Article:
Computations of linearized equations (3)
in the presence of roundoff errors may lead to the
following interesting phenomenon.
Suppose that the unknown function *f*(*x*) is a rational function
which is continuous in
[*x*_{0},*x*_{m+n}].
Let the actual degrees of the numerator and the denominator polynomials
of *f*(*x*) be *m*-*d* and *n*-*d*, respectively, for a positive *d*. That is
.
Here, we consider rational function
interpolating *D*such as
.
There are a lot of rational functions passing the data set *D* but have
different degrees.
There are any polynomials
whose degree is *d* such as
.
Thus, linearized equations (3) have no unique solution.
However, in the floating number computations, because of the presence of
roundoff errors the numerical solution will produce the pair of
polynomials *P*(*x*) and *Q*(*x*) of degrees *m* and *n*, respectively.
The numerical rational interpolation *P*(*x*)/*Q*(*x*) should approximate one of
.
That is
*P*(*x*)/*Q*(*x*)=(*g*_{p}(*x*)*p*_{m-d}(*x*))/(*g*_{q}(*x*)*q*_{n-d}(*x*)).
In algebraic computations we can remove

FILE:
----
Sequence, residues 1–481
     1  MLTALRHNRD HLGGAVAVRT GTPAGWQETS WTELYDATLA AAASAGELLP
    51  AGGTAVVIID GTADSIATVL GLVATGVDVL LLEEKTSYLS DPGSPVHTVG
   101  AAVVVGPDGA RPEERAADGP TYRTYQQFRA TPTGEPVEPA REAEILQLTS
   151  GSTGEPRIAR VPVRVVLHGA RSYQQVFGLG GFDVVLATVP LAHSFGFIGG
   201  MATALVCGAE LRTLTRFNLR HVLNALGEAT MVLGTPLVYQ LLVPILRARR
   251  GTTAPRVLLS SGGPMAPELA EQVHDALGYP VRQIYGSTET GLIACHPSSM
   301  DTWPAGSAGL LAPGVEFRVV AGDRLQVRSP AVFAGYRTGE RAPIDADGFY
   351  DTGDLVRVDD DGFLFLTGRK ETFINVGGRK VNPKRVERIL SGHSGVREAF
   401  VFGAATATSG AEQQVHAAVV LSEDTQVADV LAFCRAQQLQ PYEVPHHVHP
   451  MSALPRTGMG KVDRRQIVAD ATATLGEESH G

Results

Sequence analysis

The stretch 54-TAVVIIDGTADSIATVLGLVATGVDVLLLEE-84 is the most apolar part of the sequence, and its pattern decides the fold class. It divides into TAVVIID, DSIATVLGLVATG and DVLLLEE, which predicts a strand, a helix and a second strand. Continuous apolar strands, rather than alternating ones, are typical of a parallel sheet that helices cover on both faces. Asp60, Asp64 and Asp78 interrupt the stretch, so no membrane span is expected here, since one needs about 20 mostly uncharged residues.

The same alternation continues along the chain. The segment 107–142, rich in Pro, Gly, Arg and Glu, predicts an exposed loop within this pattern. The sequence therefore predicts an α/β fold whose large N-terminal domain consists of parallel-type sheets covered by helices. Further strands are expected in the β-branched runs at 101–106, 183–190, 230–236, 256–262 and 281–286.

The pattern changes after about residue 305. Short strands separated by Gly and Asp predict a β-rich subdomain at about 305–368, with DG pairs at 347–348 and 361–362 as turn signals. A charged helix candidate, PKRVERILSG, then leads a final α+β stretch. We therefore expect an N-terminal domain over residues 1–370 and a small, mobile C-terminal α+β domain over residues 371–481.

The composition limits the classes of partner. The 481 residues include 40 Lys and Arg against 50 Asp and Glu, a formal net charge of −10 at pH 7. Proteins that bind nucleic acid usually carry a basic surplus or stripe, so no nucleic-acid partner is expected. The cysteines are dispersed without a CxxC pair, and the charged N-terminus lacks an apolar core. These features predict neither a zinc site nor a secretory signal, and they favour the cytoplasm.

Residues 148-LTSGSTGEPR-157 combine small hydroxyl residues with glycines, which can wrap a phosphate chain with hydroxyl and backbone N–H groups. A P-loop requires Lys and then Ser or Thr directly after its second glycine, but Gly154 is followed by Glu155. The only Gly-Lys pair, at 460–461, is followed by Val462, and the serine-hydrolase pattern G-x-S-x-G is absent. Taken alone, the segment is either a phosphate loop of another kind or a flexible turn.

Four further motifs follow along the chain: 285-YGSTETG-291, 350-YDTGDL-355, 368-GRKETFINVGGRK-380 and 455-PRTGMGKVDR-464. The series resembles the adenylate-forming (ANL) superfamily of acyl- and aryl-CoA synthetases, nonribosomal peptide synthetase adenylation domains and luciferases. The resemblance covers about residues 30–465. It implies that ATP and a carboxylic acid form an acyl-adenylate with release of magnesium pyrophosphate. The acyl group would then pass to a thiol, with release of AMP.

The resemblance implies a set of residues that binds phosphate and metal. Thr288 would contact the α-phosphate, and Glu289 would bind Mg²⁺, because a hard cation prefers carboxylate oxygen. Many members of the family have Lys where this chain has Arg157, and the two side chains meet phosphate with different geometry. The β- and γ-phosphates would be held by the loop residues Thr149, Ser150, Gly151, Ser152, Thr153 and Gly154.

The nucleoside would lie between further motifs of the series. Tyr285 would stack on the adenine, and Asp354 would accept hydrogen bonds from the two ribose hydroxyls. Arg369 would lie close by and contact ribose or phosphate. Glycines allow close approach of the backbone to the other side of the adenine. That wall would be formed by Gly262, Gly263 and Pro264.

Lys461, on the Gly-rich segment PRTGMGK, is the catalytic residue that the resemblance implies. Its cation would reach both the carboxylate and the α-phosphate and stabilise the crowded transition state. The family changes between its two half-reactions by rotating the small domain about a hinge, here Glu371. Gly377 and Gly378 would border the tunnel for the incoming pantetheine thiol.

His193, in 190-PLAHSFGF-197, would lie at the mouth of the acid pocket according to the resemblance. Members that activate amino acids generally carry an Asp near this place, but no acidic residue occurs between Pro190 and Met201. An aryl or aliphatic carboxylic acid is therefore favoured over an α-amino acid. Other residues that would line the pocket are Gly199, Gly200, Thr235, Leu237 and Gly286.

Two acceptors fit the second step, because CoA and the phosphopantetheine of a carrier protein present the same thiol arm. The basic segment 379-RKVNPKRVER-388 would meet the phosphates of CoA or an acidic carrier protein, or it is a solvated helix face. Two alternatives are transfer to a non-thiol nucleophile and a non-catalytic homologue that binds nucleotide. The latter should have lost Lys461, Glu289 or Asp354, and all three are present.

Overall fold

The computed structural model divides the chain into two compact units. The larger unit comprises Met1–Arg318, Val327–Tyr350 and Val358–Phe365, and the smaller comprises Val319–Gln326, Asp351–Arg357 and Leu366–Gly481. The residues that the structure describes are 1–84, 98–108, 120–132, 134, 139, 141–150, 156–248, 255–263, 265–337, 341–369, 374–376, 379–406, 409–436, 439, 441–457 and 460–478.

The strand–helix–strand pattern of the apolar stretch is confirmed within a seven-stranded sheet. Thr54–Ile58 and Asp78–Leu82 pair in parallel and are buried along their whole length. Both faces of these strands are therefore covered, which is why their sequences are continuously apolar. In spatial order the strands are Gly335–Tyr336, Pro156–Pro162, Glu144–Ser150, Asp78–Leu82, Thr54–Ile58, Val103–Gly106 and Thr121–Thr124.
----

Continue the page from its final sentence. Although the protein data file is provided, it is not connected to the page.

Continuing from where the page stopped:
from rational
function
by GCD computations. However
in floating computations the coefficients of *P*(*x*)/*Q*(*x*)are slightly different from
.
Thus, polynomials *g*_{p}(*x*) and *g*_{q}(*x*) remain in the numerical rational
interpolation.
Furthermore, it may occur that for some *z*we have simultaneously
,
and
then the computed ratio *P*(*x*)/*Q*(*x*)will be a very poor approximation to *f*(*x*) at *z* and near *z*.
In this case, a natural way to improve the
approximation is to compute
*g*(*x*), an approximate-GCD of *P*(*x*)and *Q*(*x*), then compute the symbolic quotients
*p*(*x*)=*P*(*x*)/*g*(*x*) and
*q*(*x*)=*Q*(*x*)/*g*(*x*), and finally
output *p*(*x*)/*q*(*x*) as an improved hybrid
rational interpolation to *f*(*x*). We call these procedures *Hybrid
Rational Function Approximation* and show the algorithm as follows:

- 1.
- Compute rational interpolation
*P*(*x*)/*Q*(*x*) to interpolate*D*. - 2.
- Obtain the approximate-GCD
*g*(*x*) of*P*(*x*) and*Q*(*x*) using the algorithm by Sasaki and Noda. - 3.
- and , where is a quotient obtained by polynomial division.

Any algorithms for (non-unique) approximate-GCD and for
polynomial division are available.
Several methods of calculating approximate-GCDs have been proposed other than
Schönhage [7], Sasaki and Noda [11].
They use different norms for the definition of approximate-GCDs,
i.e.
*L*_{1} norm (c.f. Pan[9], Hribernig and Stetter[8]),
*L*_{2} norm (c.f. Corless, Gianni, Trager and Watt[6], Karmarkar and
Lakshman[5])
or norms estimated in a domain (c.f. Sederberg and Chang[10]).
For further discussions to establish the error estimate of HRFA,
we use the approximate-GCD proposed by Hribernig and Stetter.